Improving Human Health: The Promise of Epigenetics
A New Perspective for Genomic Research from Prof. Shankar Balsubramanian
Translating Innovation into Therapies
Antimicrobial Resistance and Drug Commercialization Were Key Topics at the Recent ON Helix Conference in Cambridge, U.K.
Literature Review: Dielectrophoresis to the Fore
Old Methodology Resurrected to Allow Inexpensive Label-Free Separation of Cell Populations
A Noninvasive Future
Prenatal Genetic Testing Looks to Single-Cell Methods as the Next Frontier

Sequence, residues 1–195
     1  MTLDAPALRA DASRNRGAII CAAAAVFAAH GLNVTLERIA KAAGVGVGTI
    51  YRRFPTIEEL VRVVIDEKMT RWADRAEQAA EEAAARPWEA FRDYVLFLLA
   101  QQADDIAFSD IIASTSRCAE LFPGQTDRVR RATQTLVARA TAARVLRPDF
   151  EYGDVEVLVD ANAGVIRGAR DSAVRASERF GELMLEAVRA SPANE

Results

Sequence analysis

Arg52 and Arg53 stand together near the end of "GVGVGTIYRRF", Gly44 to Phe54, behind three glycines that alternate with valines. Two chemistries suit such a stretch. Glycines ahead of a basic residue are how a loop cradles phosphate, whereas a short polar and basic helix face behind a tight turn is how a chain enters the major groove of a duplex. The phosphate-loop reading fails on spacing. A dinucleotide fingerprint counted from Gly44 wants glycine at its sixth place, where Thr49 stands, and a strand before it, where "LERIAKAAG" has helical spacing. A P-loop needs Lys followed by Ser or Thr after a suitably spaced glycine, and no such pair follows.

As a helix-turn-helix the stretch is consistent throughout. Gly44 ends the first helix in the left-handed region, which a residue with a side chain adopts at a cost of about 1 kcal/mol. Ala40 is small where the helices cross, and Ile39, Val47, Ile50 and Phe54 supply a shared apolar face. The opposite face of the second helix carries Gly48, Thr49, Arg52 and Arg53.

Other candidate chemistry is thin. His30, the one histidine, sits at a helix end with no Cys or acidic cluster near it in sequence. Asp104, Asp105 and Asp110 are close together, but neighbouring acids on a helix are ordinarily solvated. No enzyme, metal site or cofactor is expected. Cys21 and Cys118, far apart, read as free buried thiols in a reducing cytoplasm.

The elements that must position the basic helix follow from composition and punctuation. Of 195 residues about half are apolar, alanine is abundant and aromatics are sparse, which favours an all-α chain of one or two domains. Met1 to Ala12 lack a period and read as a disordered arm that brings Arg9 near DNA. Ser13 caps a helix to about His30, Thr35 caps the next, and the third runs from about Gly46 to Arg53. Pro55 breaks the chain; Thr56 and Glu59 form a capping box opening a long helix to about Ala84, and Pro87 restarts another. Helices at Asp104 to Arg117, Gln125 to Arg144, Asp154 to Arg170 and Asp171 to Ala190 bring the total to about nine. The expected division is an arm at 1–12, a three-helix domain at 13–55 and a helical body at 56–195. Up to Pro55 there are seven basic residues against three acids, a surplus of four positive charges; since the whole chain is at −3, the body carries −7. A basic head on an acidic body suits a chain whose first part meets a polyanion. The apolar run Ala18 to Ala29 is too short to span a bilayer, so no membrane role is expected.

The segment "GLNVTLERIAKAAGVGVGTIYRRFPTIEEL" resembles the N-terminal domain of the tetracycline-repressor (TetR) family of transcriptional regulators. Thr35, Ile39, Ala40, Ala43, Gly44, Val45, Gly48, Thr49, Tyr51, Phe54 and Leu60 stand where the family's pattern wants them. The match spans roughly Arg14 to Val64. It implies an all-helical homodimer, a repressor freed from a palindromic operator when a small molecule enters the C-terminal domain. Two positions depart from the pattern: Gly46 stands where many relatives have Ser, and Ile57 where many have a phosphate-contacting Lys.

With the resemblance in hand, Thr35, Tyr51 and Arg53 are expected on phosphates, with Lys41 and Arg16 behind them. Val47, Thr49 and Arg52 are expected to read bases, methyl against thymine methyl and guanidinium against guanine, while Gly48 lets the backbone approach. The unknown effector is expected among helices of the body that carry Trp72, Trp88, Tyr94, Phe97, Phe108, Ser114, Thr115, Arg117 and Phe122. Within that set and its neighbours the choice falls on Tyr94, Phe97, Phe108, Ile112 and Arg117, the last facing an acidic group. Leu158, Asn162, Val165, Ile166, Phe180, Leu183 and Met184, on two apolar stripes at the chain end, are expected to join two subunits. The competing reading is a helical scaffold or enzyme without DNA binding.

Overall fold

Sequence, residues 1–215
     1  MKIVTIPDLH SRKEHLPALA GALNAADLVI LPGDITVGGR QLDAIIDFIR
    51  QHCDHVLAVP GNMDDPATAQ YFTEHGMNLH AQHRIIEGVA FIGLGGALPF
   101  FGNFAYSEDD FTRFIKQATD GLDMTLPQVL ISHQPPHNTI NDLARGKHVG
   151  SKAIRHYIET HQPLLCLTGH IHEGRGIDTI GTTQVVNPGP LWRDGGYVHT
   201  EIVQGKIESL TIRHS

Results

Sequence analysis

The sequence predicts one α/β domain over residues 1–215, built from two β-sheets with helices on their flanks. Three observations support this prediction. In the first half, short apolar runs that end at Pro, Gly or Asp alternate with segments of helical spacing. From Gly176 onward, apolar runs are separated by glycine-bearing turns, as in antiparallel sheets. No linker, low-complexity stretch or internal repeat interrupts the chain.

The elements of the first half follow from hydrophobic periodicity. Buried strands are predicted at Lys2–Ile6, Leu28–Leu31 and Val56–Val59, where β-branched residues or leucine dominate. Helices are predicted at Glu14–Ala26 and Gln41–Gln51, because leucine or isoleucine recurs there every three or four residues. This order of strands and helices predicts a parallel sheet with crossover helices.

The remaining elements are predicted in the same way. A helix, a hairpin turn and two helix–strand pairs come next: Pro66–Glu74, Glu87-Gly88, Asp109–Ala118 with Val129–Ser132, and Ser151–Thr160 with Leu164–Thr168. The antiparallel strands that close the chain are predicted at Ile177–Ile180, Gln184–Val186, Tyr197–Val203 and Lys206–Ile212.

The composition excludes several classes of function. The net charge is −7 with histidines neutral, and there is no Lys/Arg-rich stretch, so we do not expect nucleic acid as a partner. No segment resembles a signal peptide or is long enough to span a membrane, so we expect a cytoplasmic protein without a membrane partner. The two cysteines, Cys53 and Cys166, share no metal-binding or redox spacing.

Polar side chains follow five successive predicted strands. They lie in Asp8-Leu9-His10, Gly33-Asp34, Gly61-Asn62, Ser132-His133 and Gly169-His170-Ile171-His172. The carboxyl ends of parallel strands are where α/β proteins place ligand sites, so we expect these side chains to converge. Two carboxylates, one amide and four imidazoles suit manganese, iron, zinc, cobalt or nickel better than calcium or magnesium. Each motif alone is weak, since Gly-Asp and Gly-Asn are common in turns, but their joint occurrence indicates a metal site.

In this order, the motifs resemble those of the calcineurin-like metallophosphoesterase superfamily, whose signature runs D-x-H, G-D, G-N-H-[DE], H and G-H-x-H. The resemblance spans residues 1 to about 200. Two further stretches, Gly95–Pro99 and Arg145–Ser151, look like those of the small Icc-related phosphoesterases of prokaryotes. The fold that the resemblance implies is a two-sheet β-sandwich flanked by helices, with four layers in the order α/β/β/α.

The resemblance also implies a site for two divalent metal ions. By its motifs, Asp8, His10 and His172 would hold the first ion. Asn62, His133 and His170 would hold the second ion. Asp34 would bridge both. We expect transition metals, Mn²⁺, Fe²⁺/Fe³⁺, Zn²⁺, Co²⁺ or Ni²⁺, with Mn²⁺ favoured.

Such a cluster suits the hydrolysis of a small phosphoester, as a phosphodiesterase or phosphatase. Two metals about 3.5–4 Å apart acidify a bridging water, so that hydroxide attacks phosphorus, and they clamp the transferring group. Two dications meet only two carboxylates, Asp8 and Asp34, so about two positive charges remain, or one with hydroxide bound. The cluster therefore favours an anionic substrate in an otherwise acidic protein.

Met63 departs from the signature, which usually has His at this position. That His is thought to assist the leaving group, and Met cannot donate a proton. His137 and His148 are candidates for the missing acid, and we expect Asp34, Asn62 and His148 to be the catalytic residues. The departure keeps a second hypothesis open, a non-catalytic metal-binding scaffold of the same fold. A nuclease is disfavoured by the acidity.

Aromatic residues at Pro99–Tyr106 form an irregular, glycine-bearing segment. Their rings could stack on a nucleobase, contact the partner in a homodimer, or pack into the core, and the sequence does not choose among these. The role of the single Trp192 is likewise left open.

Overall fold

Vectors (plasmids, cosmids, BACs, etc.) are certainly friends to the researcher—we all use these valuable DNA constructs to clone and manipulate our DNA sequences of interest. But, what happens when (dun, dun, DUN!) vectors turn against us?! OK, so it’s not quite that dramatic, but it is true that vector contamination is a legitimate threat when it comes to sequencing your precious DNA of interest. So how can you be sure that a particular DNA sequence—be it your own or one that you found online—is free from contamination? The NCBI actually offers an online resource for exactly that purpose. VecScreen allows users to input a query sequence (via Accession number, GI, or FASTA sequence) and search it against an extensive database of vector sequences. The search tool subsequently identifies fragments that may be of vector origin.